After Israeli independence, Neveh Efraim was founded by Jewish immigrants from Yemen and Neve Oved was established by the Labor movement.[3] In addition, many Jews from Mumbai, India, including Jews from Bahrain who fled to Israel via Mumbai, settled there.

In the 1950s, the villages Tel Shalom and Neve Efraim were merged with Pardes Hanna. Pardes Hanna and Karkur merged in 1969.

DemographicsEdit

According to the Israel Central Bureau of Statistics, the population of Pardes Hanna-Karkur was 43,011 at end of 2019. The land area is 22,596 dunams (~22.6 km2 [8.7 sq mi]). Pardes-Hanna is governed by the largest local council in Israel by population size (among towns without municipal status).

EducationEdit

The oldest and largest school in Pardes Hanna-Karkur is the Pardes Hanna Agricultural High School. It was established in 1934 by the Association of Farmers and was the first agricultural school to include a full academic matriculation program as part of its curriculum.[9] Pardes Hanna-Karkur has six non-religious elementary schools, including a Democratic school, and four religious elementary schools, as well as the Rimon Waldorf School. A religious high-school for boys, Midrashiat Noam, was once considered the flagship of religious-Zionist education. Its graduates include former ministers Yitzhak Peretz, Benny Elon and Ya'akov Ne'eman; journalists Haim Zisowitz, Yair Sheleg and Adam Baruch; and Labor Party Secretary-General Eitan Cabel.[10] A religious high school for girls, Elisheva, is also located in Pardes Hanna.[3]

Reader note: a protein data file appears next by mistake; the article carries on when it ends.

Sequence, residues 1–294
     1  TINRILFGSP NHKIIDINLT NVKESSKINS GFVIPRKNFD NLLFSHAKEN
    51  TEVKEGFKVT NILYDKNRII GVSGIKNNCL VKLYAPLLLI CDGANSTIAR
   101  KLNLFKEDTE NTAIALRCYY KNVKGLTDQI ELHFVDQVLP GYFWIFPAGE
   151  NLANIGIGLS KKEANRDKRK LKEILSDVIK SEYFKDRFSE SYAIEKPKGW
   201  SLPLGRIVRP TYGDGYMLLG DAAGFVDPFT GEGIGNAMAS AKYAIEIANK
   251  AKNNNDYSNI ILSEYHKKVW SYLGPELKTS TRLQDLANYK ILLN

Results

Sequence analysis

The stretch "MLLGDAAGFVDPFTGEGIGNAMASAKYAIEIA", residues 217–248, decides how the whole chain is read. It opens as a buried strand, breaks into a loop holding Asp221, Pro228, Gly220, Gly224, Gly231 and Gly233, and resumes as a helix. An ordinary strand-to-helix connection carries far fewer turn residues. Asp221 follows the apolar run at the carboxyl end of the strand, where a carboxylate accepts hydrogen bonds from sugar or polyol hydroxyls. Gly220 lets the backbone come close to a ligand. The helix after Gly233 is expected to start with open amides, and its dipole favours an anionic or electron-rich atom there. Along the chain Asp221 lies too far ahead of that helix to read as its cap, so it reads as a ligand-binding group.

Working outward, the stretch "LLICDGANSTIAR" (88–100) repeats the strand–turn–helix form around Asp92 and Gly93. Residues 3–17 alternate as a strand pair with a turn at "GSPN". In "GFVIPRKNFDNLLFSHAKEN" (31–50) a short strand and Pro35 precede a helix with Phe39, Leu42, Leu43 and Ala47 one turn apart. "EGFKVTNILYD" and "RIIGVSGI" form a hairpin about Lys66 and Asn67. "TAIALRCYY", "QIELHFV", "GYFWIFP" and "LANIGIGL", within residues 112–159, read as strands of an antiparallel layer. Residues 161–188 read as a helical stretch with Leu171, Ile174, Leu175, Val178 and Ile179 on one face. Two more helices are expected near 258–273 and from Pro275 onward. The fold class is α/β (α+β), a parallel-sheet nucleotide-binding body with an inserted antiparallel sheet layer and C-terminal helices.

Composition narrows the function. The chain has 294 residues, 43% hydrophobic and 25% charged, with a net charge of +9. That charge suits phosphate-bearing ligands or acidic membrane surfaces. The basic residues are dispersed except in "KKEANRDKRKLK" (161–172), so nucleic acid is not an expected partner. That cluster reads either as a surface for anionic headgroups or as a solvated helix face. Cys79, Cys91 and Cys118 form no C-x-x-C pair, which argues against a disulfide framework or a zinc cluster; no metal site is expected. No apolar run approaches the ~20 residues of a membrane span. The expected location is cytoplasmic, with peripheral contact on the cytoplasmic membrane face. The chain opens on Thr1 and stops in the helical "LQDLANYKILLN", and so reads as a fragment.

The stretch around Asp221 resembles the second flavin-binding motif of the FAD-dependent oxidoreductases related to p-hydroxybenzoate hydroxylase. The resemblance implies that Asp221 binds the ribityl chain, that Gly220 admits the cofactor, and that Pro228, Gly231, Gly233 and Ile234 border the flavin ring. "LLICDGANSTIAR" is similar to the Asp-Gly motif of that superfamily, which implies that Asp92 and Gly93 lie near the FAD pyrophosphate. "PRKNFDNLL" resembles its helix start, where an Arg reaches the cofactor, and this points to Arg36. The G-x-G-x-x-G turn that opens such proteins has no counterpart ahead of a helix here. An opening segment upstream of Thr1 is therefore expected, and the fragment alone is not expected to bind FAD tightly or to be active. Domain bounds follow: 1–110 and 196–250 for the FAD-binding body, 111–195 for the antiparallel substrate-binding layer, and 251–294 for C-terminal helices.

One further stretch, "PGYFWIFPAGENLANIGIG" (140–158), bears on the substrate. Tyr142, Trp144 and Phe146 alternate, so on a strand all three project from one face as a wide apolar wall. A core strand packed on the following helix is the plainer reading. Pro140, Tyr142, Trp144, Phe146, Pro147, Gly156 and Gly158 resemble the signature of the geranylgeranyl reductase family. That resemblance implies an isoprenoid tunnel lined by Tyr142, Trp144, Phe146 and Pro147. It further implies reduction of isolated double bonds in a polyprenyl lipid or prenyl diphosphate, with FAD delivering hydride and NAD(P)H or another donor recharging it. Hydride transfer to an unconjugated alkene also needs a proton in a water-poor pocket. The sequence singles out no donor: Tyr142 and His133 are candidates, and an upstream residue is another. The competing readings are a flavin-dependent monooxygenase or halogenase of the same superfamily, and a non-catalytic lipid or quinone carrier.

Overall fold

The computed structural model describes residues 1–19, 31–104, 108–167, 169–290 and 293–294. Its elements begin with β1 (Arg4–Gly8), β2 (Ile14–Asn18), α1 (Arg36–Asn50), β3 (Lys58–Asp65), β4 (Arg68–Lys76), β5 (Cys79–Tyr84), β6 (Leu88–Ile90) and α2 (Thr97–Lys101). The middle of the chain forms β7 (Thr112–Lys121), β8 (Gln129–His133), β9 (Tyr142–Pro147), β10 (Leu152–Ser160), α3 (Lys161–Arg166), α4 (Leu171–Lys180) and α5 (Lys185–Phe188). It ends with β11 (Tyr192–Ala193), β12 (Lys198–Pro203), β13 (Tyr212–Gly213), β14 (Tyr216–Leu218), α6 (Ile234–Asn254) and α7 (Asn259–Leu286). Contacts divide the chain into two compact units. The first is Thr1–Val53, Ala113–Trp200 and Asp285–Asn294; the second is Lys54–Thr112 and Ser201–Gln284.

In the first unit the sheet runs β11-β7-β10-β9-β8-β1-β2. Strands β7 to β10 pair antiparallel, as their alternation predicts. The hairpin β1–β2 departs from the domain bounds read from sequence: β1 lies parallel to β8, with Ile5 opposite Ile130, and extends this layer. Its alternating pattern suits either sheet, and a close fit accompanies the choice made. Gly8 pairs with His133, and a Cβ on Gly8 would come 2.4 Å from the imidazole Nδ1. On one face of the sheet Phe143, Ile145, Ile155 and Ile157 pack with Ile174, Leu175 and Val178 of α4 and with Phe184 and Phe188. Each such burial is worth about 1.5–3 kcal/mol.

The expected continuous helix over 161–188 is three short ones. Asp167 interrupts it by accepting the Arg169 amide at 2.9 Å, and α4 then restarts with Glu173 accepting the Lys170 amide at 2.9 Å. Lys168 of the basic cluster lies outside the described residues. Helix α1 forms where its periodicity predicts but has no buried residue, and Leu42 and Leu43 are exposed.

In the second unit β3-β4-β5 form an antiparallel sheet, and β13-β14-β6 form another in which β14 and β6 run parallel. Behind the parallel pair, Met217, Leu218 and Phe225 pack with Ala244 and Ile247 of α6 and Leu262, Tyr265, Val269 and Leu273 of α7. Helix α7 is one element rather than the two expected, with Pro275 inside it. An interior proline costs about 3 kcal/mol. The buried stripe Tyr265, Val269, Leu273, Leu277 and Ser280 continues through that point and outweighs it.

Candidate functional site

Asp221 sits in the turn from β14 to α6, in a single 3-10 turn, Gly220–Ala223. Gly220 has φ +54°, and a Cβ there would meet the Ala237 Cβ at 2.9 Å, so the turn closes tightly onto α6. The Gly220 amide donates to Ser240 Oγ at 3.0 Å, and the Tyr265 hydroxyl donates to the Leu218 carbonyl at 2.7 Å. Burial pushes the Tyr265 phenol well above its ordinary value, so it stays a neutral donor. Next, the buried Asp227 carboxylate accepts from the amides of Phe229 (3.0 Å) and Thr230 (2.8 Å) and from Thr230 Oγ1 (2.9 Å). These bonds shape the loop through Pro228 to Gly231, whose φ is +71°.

TransportationEdit

Pardes Hanna-Karkur is served by the Caesarea-Pardes Hanna Railway Station and by buses run by Egged and Kavim. It is connected to Highway 4 by Road 651, to Highway 65 by Roads 650,652 and 6502, and to Highway 70 by road 652.

Notable residentsEdit

See alsoEdit

ReferencesEdit

  1. ^ a b "Population in the Localities 2019" (XLS). Israel Central Bureau of Statistics. Retrieved 16 August 2020.
  2. ^ Marom, Roy (9 June 2021). "The Abu Hameds of Mulabbis: an oral history of a Palestinian village depopulated in the Late Ottoman period". British Journal of Middle Eastern Studies: 2. doi:10.1080/13530194.2021.1934817. ISSN 1353-0194. S2CID 236222143.
  3. ^ a b c d e Pardes Hanna-Karkur, A General Real Estate Overview
  4. ^ "Palestine Census ( 1922)".
  5. ^ "Census of Palestine 1931. Population of villages, towns and administrative areas". 1932.
  6. ^ http://users.cecs.anu.edu.au/~bdm/yabber/census/VillageStatistics1945orig.pdf
  7. ^ Marom, Roy (2 July 2020). "RAF Ein Shemer: A Forgotten Case of Jewish and Arab Work in a British Army Camp in Palestine during the Second World War". War & Society. 39 (3): 203. doi:10.1080/07292473.2020.1786889. ISSN 0729-2473.
  8. ^ The Scotsman: 17, 18 April. Yaakov Meridor was reported to have been in command of the Irgun attackers. Those dead included Lieut-Colonel G.L. Hildebrand, Royal Artillery
  9. ^ "About Pardes Hanna-Karkur". Archived from the original on 4 March 2012. Retrieved 14 September 2010.
  10. ^ An educator's legacy